Redford (for Yia-Yia and Pappou), and: For the Widows in Paradise, for the Fatherless in Ypsilanti

By Sufjan Stevens

Redford
(textless)

For the Widows in Paradise, for the Fatherless in Ypsilanti
I have called you children, I have called you son
What is there to answer if I’m the only one?
Morning comes in Paradise, morning comes in light
Still I must obey, still I must invite
If there’s anything to say, if there’s anything to do
If there’s any other way, I’ll do anything for you

I was dressed embarrassment
I was dressed in wine
If you had a part of me, will you take your time?
Even if I come back, even if I die
Is there some idea to replace my life?
Like a father to impress
Like a mother’s mourning dress
If you ever make a mess, I’ll do anything for you

I have called you preacher, I have called you son
If you have a father or if you haven’t one
I’ll do anything for you, I’ll do anything for you

From composer/arranger Mark David Buckles:

I first starting listening to the music of Sufjan Stevens while working at the University of Michigan’s radio station, WCBN Radio Free Ann Arbor. Michigan, released in 2003, was one of Sufjan’s earliest albums and it quickly grew a passionate underground following. I played it all the time at the radio station. In many ways I learned more about music by being a DJ than by going to music school.

Sufjan’s music is characterized by lush and varied orchestration, odd time signatures that manage to feel normal, and mesmeric and often poignant use of repetition. I loved it.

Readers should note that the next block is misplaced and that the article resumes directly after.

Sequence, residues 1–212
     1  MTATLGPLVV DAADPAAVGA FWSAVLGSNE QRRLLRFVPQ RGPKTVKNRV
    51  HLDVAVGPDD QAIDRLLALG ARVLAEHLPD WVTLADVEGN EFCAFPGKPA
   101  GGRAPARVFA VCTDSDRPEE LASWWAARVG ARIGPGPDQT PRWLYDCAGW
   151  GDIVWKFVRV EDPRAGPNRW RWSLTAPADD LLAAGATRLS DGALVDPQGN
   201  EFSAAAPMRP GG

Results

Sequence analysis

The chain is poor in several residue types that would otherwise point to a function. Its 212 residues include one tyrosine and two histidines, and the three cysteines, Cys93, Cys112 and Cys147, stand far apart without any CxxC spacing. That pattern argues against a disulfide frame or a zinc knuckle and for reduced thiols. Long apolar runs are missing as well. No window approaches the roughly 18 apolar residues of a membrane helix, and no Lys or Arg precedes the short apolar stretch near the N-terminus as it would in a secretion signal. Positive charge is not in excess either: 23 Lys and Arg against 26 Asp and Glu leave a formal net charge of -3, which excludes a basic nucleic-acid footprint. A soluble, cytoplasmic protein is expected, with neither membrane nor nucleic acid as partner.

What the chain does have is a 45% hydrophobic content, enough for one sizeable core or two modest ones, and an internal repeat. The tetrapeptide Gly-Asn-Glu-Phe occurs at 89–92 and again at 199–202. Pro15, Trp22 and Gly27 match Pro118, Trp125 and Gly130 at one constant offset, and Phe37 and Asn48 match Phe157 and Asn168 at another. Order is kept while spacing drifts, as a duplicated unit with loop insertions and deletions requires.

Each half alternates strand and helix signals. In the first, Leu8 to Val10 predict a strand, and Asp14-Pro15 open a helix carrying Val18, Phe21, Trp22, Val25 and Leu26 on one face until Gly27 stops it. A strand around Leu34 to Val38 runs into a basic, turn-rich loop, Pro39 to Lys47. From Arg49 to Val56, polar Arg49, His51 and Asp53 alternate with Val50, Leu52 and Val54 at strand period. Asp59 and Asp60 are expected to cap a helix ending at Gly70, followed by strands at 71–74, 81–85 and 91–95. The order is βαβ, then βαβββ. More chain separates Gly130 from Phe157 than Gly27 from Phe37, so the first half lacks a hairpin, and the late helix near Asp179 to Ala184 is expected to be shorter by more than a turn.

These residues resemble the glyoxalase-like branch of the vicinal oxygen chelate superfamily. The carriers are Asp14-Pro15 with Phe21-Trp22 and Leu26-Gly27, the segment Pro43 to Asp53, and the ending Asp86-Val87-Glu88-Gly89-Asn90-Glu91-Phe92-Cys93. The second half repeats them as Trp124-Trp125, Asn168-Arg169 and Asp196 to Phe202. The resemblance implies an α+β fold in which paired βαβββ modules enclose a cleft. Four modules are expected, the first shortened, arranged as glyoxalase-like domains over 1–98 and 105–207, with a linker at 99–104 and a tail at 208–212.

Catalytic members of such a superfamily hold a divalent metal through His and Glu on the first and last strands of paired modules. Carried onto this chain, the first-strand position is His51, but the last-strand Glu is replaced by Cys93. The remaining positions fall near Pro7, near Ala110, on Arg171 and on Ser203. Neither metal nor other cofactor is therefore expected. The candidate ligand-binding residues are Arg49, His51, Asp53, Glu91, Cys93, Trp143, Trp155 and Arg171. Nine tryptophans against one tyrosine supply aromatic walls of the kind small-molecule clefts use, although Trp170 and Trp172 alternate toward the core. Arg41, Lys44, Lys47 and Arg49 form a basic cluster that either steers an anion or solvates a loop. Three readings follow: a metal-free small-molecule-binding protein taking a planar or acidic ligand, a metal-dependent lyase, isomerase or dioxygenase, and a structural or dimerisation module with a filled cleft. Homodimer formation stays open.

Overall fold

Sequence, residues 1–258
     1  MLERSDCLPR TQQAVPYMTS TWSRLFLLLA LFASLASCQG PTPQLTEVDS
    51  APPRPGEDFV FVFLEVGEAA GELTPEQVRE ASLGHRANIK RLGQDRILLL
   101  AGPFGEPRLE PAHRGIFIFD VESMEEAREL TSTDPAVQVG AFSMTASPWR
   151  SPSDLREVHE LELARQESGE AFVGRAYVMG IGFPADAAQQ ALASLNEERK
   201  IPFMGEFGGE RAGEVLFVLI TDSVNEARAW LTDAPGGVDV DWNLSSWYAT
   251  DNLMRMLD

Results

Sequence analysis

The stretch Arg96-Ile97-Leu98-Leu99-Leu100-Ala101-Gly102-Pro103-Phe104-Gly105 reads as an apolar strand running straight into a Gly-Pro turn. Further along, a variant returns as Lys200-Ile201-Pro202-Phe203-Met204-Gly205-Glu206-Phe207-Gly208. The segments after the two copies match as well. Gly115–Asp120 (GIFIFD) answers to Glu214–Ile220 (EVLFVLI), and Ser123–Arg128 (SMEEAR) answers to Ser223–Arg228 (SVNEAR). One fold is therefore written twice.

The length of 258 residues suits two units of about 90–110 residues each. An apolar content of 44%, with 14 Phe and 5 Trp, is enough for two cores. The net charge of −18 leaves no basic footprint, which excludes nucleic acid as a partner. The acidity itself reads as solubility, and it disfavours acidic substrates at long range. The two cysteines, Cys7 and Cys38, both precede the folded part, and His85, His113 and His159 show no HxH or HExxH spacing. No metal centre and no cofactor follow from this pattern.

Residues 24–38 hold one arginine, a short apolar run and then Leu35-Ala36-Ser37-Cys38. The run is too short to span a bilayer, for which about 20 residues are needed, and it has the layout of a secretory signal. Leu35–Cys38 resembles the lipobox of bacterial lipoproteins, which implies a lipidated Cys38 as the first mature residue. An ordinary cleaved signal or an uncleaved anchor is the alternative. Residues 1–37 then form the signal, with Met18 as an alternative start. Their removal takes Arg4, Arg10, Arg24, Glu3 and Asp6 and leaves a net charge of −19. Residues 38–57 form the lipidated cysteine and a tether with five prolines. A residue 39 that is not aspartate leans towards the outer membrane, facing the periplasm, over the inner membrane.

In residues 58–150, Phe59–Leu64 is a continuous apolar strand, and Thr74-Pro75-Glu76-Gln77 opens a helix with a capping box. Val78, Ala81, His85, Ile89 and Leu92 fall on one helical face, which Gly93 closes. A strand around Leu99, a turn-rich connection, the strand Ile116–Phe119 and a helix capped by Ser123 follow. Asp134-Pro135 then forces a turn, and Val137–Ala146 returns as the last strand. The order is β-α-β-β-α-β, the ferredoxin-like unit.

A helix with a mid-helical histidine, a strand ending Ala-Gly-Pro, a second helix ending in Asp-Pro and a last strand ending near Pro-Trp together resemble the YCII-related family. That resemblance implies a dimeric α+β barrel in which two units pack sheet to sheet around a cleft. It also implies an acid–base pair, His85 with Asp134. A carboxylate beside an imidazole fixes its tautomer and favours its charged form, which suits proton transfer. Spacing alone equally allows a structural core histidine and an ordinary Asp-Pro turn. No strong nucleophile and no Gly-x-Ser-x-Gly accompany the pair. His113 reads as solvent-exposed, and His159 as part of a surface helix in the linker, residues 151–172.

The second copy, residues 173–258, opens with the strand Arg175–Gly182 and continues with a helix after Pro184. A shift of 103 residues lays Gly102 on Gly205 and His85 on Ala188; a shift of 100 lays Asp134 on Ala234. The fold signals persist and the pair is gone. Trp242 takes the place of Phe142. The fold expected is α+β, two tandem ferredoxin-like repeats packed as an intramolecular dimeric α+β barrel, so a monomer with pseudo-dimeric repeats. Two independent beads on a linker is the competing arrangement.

Sufjan was fascinated by location and local histories, and his lyrics and songs are often built around these frameworks. At the time, he spoke of writing an album for each of the 50 states. He eventually abandoned this project following the success of his masterpiece, Illinois.

When I would listen to his music, I would think about the cities and places and people in Michigan. A lot of my experience of the state growing up came through Boy Scouts. We would travel to campgrounds all over the state to experience all the natural beauty of Michigan.

In high school, I attended Interlochen Arts Camp in Northern Michigan, which is where I first met Emily. It was there, surrounded by the pines and the lakes, that I first decided I was going to become a musician.

A few years into college at the University of Michigan (which is where I met Margot), I remember taking a trip with my dad to the upper peninsula to go backpacking through the Porcupine Mountains. Our destination was the appropriately named Paradise, Michigan (the subject of one of these songs). Along the way, we listened together to Michigan and talked about all our times together traveling around the state.

When Emily asked me if I could arrange some songs of Sufjan Stevens for the Michigan Recital Project, it felt like the stars had aligned. A huge thank you to her and Margot and all these fabulous musicians. And a hearty bow of gratitude to Michigan for friends, inspiration, and constancy.


 

Mark David Buckles is a conductor, composer, singer, music educator, and multi-instrumentalist. Mark David’s many roles include serving as the Director of Music at Arlington Street Church in Boston, Music Director of The Sanctuary Boston, and Lecturer of Music Theory at MIT.
In addition, Mark David is both a prolific composer and arranger of choral, vocal, and instrumental music, and an acclaimed performer and worship leader, leading worship and music services throughout the country with his reverent spirit and infectious energy.
When he is not making music and/or spending time with his amazing daughter, Mark David enjoys chess, hiking, bread, and geocaching.

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